Before the Journey Begins
A well researched blog, I know you all will be interested!
This is a most precious page in Flight Sergeant W.S. Hall’s log book. There is everything I need on it to find out when and where some photos were taken.
Rongotai N.Z. 24-8-1940 to 2-9-1942 (2 years and 9 days)
ITW Rotorua N.Z. 3-9-1942 to 15-10-1942 (I.T.W. is Initial Training Wing) (42 days)
EFTS Harewood N.Z 16-10-1942 to 1-1-1943 (E.F.T.S. is Elementary Flying Training School) (77 days)
SFTS Woodbourne N.Z 2-1-1943 to 7-5-1943 (S.F.T.S. is Special Flying Training School) (125 days)
No. 12 P.R.C. Brighton, England 8-7-1943 to 14-9-1943 (P.R.C. is Personnel Reception Centre) (69 days)
No. 6 PAFU Little Rissington, Glos 15-9-1943 to 7-2-1944 (P.A.F.U. is Pilots Advanced Flying Unit) (145 days)
No. 5 PDC Blackpool, Lancs 8-2-1944 to 19-2-1944 (No. 5 Personnel Despatch Centre) (11 days)
No. 1 ME. A.P. C. Jerusalem 8-3-1944 to 14-4-1944 (A.P.C. – Armament Practice Camp) (37 days)
76 O.T.U. Aqir 15-4-1944 to 16-7-1944…
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Lieutenant Colonel Dick Cole, the Last of the Doolittle Raiders, Dies.
On this date in 1942, Lieutenant Colonel Jimmy Doolittle led a raid of 16 B-25 bombers on Tokyo, Japan, launched from the USS Hornet. The raid was in response to the attack on Pearl Harbor some four months earlier. It was the first time B-25s had been launched from an aircraft carrier and many thought it couldn’t be done. Japan thought they were immune to attacks from far-away America and the raid devastated Japanese moral and boosted that of the United States. (See “The Doolittle Raid 70 Years Ago Today” posted on 18 April 2012 at https://mypoetrythatrhymes.wordpress.com/2012/04/.) Lieutenant Dick Cole was Doolittle’s copilot during that raid and the last of the raiders to die on 9 April 2019. This is his story.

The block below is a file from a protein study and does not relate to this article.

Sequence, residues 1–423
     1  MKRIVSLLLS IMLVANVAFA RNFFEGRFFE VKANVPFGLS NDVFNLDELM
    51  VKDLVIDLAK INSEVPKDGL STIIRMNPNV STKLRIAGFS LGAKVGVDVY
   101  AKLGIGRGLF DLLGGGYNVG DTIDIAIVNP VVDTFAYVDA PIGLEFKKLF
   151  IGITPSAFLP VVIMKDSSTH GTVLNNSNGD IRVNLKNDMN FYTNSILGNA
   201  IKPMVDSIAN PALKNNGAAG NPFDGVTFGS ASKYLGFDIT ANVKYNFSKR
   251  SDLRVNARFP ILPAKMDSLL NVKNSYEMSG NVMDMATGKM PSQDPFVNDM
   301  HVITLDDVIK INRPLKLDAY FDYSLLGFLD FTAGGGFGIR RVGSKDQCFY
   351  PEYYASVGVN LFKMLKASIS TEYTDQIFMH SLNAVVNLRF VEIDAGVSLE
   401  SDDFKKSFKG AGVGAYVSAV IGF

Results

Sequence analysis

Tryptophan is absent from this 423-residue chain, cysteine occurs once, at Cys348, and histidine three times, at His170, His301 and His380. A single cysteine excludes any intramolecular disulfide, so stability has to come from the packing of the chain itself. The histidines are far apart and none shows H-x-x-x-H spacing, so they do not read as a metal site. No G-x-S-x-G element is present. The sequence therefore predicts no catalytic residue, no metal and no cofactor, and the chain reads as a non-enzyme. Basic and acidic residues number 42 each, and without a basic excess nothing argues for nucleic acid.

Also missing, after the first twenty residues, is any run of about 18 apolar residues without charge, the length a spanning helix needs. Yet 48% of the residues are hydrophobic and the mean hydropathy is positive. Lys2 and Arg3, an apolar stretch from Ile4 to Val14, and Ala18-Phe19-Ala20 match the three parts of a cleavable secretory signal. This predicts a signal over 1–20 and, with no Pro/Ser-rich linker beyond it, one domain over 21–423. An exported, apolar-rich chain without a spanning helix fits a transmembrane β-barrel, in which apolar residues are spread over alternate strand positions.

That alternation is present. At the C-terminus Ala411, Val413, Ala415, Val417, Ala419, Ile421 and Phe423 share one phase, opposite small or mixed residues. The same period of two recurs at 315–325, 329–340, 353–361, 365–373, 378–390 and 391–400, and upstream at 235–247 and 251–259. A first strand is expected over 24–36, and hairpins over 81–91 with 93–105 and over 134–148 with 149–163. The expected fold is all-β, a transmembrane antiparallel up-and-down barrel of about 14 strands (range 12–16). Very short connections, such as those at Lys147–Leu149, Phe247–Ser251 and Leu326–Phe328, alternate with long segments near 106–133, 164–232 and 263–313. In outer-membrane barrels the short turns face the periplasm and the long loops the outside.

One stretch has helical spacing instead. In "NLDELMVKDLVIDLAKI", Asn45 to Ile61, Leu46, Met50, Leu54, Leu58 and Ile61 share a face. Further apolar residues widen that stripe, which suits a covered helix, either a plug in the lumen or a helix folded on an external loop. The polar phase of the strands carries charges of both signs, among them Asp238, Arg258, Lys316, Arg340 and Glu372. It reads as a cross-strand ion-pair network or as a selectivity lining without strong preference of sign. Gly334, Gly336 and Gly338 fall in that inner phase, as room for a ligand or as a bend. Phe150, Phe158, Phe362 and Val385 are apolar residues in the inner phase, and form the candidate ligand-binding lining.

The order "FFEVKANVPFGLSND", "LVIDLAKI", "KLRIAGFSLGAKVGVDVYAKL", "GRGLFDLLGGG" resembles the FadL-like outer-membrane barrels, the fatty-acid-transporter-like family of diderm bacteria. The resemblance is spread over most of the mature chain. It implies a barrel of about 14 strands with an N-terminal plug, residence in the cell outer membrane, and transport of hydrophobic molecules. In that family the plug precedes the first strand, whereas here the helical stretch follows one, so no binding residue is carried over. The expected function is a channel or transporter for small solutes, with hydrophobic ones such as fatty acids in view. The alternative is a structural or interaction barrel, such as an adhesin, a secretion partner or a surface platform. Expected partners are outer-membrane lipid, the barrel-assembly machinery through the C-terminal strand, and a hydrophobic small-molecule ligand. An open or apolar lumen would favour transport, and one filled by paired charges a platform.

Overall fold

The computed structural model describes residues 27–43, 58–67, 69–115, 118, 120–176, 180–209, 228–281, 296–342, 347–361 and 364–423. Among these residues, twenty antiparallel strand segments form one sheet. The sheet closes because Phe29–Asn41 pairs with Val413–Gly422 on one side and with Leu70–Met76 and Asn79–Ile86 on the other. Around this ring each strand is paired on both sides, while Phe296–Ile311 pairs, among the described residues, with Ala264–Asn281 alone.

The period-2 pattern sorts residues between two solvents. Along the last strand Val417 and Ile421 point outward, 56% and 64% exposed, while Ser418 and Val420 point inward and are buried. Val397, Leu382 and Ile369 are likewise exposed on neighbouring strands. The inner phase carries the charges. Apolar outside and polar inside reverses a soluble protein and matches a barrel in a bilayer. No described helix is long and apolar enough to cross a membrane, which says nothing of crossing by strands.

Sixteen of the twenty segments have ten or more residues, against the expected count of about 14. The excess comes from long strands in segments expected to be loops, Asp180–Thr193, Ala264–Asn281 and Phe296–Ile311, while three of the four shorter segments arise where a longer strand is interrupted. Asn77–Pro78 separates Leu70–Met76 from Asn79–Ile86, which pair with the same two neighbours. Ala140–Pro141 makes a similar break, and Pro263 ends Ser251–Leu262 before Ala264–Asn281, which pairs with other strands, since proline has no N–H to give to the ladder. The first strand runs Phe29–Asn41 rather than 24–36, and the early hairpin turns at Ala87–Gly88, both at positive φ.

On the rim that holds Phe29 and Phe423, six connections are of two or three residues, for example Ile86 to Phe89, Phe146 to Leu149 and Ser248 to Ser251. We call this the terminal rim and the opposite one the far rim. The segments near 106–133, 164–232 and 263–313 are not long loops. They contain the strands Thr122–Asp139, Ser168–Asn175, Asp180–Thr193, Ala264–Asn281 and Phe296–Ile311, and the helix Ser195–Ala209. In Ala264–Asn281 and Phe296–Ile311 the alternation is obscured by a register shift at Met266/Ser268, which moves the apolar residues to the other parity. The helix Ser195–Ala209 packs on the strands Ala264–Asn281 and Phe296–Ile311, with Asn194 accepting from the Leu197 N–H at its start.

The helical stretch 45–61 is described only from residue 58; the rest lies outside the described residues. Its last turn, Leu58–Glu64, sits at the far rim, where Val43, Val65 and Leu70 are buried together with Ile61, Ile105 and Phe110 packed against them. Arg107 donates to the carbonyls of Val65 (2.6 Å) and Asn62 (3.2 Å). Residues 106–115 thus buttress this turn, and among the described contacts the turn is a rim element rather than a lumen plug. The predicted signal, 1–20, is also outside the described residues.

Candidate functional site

The Ballad of Richard “Dick” Cole
Wind was blasting the open hatch.
China was dark below.
The B-25 was out of fuel.
The lieutenant had to go
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The Fight for Mindoro
A clearly detailed description of following through on a mission!!
Expanding a little more on last week’s post…
As 1944 was wrapping up in the Pacific Theater, units continued their march northward with the invasion and seizure of the island of Mindoro and continuing attacks on Clark Field, Luzon. Mindoro was considered a strategic asset for continued attacks and the eventual push towards reclaiming Luzon from the Japanese. The Japanese knew this, and even though they were driven off Mindoro on December 15th, they weren’t going to give up easily.
Two airfields were constructed on Mindoro within 13 days of the Allied takeover in preparation for the invasion of Luzon. Admiral Masatomi Kumura did not want to see these airfields become usable by the Americans and he assembled eight ships to sail from Vietnam on December 24th to Mindoro in hopes of disrupting the building efforts. It wasn’t until the 26th that their presence was detected some hours south of…
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